New doughnuts irritate Tim Hortons icon

"I [Jameson] am the official spokesperson, and until I confirm or deny anything, it simply doesn't exist," she said Tuesday…"I'm disappointed in senior management, truly disappointed," he said. "They should have come out right of the closet and said, 'We are going into a new method of producing our product and we think they're going to be better and they're going to be fresher.' "

The Calgary Herald
October 23, 2003

New doughnuts irritate Tim Hortons icon
Deborah Tetley

Nearly 40 years ago, Ron Joyce opened one little doughnut and coffee shop in Hamilton, Ont., and watched as it evolved over the years into a Canadian icon, recognized around the world for its commitment to community, freshness and quality.

Today, the Calgary co-founder is selling off his remaining two million shares, is disappointed with the chain's new approach to his Always Fresh philosophy, and is blasting senior management for not being "frank and open" with customers.

In the wake of consumer backlash over Tim Hortons' new frozen doughnuts, Joyce told the Herald on Wednesday he is saddened to hear some consumers are threatening to boycott.

"Of course, it bothers me," he said while en route to charter a private plane, his personal assistant at the wheel of his Lincoln.

"This is not a philosophy I would have embraced if I still owned the company. I am annoyed and frustrated when I hear we're losing customers. However, whether or not I agree with the philosophy is irrelevant."

Joyce, who started the company with a $10,000 credit union loan and who sold the company to Wendy's in 1995 for $620 million, confirmed what consumers and store owners have been saying for several months and officials at head office would not — the doughnuts are being fried in a factory in Brantford, Ont., packaged, frozen and shipped to regional warehouses. Once in store, the already "95 per cent cooked" product is baked in an oven and served.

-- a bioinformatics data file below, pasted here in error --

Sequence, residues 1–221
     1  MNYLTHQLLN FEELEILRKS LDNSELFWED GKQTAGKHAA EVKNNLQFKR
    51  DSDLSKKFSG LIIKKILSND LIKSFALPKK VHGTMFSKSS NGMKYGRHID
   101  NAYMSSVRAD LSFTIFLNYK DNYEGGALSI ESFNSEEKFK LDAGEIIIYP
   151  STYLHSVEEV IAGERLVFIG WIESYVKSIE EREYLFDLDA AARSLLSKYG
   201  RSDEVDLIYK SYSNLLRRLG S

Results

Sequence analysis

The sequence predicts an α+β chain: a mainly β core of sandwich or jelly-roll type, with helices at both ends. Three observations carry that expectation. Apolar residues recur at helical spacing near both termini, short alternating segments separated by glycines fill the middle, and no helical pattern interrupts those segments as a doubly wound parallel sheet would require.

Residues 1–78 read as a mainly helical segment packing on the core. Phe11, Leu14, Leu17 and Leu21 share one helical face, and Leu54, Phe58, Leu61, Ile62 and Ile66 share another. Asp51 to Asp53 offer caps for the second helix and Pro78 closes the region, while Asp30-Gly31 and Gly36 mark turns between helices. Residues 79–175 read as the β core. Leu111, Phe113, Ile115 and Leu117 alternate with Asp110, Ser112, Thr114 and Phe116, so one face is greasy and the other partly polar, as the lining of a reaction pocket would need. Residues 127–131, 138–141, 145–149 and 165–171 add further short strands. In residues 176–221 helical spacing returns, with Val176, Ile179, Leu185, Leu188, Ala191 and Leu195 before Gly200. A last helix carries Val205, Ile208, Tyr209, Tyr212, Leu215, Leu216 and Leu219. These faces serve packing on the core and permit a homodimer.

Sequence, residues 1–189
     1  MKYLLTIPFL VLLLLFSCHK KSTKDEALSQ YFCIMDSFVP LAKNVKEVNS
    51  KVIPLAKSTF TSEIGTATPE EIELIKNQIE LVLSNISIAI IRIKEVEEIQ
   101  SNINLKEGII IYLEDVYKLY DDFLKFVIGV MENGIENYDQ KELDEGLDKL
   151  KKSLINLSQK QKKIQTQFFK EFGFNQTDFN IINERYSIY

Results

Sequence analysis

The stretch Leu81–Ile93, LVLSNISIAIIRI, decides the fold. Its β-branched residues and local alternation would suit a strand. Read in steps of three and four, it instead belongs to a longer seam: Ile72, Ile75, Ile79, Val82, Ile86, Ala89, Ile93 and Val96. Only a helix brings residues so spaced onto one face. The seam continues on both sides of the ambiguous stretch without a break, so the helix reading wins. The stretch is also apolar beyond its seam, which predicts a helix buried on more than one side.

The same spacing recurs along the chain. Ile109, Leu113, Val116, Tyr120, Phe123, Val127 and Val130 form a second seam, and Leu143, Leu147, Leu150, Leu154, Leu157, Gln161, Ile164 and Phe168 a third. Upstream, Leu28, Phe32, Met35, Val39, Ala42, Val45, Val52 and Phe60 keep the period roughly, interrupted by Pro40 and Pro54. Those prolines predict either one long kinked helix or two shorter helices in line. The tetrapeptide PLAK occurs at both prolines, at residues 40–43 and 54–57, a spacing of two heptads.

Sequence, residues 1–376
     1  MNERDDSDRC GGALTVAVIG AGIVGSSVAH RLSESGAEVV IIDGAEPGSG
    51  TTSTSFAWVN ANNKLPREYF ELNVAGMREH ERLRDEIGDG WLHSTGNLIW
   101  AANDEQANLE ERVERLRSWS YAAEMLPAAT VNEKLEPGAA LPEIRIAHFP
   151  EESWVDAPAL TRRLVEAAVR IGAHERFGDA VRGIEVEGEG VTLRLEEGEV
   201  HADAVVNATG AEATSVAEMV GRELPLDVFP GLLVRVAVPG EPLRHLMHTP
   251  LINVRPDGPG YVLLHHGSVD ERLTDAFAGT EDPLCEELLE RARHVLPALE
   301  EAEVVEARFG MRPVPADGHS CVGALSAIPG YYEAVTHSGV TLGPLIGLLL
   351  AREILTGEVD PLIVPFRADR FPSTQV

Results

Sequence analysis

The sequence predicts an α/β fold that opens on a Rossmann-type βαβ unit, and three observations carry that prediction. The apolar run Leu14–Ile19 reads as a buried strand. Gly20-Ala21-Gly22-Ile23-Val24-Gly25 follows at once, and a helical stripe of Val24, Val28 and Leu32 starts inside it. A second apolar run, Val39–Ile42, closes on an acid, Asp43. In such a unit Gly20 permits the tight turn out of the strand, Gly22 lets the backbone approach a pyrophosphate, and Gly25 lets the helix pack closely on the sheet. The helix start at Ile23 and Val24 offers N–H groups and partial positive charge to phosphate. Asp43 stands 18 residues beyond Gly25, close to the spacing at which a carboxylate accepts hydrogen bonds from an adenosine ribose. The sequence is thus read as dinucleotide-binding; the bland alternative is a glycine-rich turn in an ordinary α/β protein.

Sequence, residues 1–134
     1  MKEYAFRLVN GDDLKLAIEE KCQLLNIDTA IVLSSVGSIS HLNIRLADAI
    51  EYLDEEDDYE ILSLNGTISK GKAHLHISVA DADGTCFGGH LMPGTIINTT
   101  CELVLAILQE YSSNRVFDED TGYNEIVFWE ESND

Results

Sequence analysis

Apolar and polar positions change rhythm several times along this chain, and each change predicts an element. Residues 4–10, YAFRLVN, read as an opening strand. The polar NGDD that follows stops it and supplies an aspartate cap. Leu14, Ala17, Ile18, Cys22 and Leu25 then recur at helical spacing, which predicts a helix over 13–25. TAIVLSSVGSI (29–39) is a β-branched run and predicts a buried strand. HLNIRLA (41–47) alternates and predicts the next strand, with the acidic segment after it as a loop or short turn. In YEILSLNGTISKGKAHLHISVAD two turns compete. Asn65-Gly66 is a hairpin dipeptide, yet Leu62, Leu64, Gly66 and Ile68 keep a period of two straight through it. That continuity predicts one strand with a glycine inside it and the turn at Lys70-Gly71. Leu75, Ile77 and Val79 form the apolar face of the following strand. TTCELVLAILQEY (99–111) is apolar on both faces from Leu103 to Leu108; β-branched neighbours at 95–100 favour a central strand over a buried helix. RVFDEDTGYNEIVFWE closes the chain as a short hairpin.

"I've tried them and they're certainly not the same as the other product," he said, adding all 164 Alberta stores are on board and roughly 400 across Canada are still awaiting the rollout. "But these are the doughnuts of the future."

Customers have noticed a difference in size, taste and texture of the product and have voiced their outrage on the Internet, in letters to the company and in the media.

"Remember New Coke?" Calgarian Doug Wong wrote in a recent letter to Tim's head office in Oakville, Ont. "You should know by now that all the clever marketing in the world won't win back your customers if the product doesn't taste good. The (company) should have considered private testing instead of making guinea pigs out of the general public."

In some ways, Joyce regrets selling the chain. "It bothers me I don't have any power any more," said Joyce, who divides his time between Calgary, Nova Scotia and Ontario. "I sold something I loved very much and I really strongly believed the people involved, who I hired and trained, had the same philosophy and concept and idea of freshness that I did. Never was it in my vocabulary to go to this product."

Until Wednesday, Patti Jameson, vice-president of corporate communications, would only say the company is conducting tests.

"I am the official spokesperson, and until I confirm or deny anything, it simply doesn't exist," she said Tuesday.

By Wednesday, after learning of Joyce's comments, Bill Moir, executive vice-president of marketing, said Tim's wasn't trying to keep secrets from its customers, just from the competition.

Joyce said, regardless, the customers deserve to know what's happening.

"I'm disappointed in senior management, truly disappointed," he said. "They should have come out right of the closet and said, 'We are going into a new method of producing our product and we think they're going to be better and they're going to be fresher.' "

Joyce, who won Canada's entrepreneur of the year award in 1999, said about 30 years ago he researched a frozen doughnut being manufactured in New Jersey and considered buying into the idea as a means to eventually save money for the company, reduce waste and still deliver a tasty pastry.

In the end, though, his Always Fresh motto was the only message that resonated.

Joyce, who co-owned the Calgary Flames from 1994 to 2001, said he is not divesting his remaining 2.1 million shares as a result of the changes, rather the move is part of his estate planning. He and former NHL hockey star Tim Horton, who died in a car accident in 1975, founded the chain.

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